Illinois. The Ho-Chunk Nation of Wisconsin, Iowa Tribe of Kansas and 
Nebraska, Iowa Tribe of Oklahoma, Otoe-Missouria Tribe of Indians, 
Oklahoma, and Winnebago Tribe of Nebraska traditionally occupied areas 
that have been demonstrated to include sites in Illinois. The tribes at 
one time constituted a single tribe with shared cultural affiliation. 
Specific published works cite the Ho-Chunk Nation of Wisconsin, Iowa 
Tribe of Kansas and Nebraska, Iowa Tribe of Oklahoma, Otoe-Missouria 
Tribe of Indians, Oklahoma, and Winnebago Tribe of Nebraska, as having 
villages in Illinois that included mound building cultural practices. 
Based on the preponderance of the evidence, including the primary body 
of Dr. Neumann's work in Illinois,

[[Page 30156]]

and collection records, officials of the Oregon State University 
Department of Anthropology reasonably believe that the human remains 
are affiliated with the Ho-Chunk Nation of Wisconsin, Iowa Tribe of 
Kansas and Nebraska, Iowa Tribe of Oklahoma, Otoe-Missouria Tribe of 
Indians, Oklahoma, and Winnebago Tribe of Nebraska.
    Officials of the Oregon State University Department of Anthropology 
have determined that, pursuant to 25 U.S.C. 3001 (9-10), the human 
remains described above represent the physical remains of one 
individual of Native American ancestry. Officials of the Oregon State 
University Department of Anthropology have also determined that, 
pursuant to 25 U.S.C. 3001 (2), there is a relationship of shared group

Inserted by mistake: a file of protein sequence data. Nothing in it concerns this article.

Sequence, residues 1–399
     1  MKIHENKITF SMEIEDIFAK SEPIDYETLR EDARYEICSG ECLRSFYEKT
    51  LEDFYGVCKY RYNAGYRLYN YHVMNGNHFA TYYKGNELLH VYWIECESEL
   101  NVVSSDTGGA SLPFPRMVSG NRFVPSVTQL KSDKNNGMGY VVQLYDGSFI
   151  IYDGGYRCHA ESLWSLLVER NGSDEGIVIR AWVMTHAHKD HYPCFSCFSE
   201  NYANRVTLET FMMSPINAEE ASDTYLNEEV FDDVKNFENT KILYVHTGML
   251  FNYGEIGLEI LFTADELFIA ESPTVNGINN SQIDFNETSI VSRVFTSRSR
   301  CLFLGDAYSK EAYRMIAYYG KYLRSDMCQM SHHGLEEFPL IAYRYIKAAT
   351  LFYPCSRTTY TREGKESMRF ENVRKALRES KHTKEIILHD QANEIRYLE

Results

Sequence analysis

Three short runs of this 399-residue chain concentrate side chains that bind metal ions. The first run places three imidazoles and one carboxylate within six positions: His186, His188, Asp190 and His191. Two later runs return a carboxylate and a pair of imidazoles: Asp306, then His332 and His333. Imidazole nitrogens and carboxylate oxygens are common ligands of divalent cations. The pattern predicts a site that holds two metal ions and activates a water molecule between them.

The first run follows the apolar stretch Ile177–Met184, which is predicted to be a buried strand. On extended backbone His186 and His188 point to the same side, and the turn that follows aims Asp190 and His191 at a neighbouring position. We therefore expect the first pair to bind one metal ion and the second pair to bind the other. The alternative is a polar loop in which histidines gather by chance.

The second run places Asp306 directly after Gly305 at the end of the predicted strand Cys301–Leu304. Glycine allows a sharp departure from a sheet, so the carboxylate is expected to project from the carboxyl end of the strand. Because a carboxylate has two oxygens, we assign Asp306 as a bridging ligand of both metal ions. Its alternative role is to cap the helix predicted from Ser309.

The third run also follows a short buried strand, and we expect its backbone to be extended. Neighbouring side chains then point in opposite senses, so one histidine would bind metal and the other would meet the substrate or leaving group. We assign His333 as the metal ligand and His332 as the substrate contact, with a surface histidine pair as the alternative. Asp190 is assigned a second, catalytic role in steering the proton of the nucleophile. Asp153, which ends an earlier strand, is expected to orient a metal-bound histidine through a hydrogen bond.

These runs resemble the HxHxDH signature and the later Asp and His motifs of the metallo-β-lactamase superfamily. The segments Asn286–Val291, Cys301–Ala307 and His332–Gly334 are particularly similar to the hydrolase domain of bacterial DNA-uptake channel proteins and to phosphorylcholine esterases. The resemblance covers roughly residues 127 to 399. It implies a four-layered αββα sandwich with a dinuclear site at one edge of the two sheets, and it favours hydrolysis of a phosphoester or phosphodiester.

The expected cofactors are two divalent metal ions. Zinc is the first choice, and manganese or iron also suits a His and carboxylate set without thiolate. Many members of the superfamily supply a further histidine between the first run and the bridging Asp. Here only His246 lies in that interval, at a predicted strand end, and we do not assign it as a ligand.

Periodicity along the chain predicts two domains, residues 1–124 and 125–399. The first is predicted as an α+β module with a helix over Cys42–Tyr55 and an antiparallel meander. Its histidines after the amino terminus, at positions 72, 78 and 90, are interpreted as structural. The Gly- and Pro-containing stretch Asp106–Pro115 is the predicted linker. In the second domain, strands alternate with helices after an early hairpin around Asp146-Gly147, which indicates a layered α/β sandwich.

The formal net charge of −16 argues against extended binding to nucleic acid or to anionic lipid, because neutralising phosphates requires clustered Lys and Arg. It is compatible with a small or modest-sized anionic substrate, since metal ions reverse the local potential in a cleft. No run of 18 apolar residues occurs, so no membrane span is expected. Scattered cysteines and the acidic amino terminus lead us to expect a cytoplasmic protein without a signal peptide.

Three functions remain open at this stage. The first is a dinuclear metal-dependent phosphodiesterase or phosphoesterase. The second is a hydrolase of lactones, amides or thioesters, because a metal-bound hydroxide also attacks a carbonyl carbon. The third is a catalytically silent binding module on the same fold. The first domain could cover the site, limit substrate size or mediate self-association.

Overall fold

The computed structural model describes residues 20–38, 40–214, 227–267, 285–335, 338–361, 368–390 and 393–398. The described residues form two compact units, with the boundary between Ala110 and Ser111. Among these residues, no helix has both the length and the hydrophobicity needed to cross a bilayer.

identity that can be reasonably traced between the Native American 
human remains and the Ho-Chunk Nation of Wisconsin; Iowa Tribe of 
Kansas and Nebraska; Iowa Tribe of Oklahoma; Otoe-Missouria Tribe of 
Indians, Oklahoma; and Winnebago Tribe of Nebraska.
    Representatives of any other Indian tribe that believes itself to 
be culturally affiliated with the human remains should contact Dr. 
David McMurray, Oregon State University Department of Anthropology, 238 
Waldo Hall, Corvallis, OR 97331, telephone (541) 737-4515, before June 
23, 2008. Repatriation of the human remains to the Ho-Chunk Nation of 
Wisconsin, Iowa Tribe of Kansas and Nebraska, and Winnebago Tribe of 
Nebraska may proceed after that date if no additional claimants come 
forward.
    Oregon State University Department of Anthropology is responsible 
for notifying the Cheyenne River Sioux Tribe of the Cheyenne River 
Reservation, South Dakota; Citizen Potawatomi Nation, Oklahoma; 
Delaware Nation, Oklahoma; Forest County Potawatomi Community, 
Wisconsin; Hannahville Indian Community, Michigan; Ho-Chunk Nation of 
Wisconsin; Iowa Tribe of Kansas and Nebraska; Iowa Tribe of Oklahoma; 
Kickapoo Tribe of Indians of the Kickapoo Reservation in Kansas; 
Kickapoo Tribe of Oklahoma; Oglala Sioux Tribe of the Pine Ridge 
Reservation, South Dakota; Peoria Tribe of Indians of Oklahoma; Prairie 
Band of Potawatomi Nation, Kansas; Sac & Fox Nation of Missouri in 
Kansas and Nebraska; Sac & Fox Nation, Oklahoma; Sac & Fox Tribe of the 
Mississippi in Iowa; and Winnebago Tribe of Nebraska that this notice 
has been published.

    Dated: March 31, 2008
Sherry Hutt,
Manager, National NAGPRA Program.
[FR Doc. E8-11592 Filed 5-22-08; 8:45 am]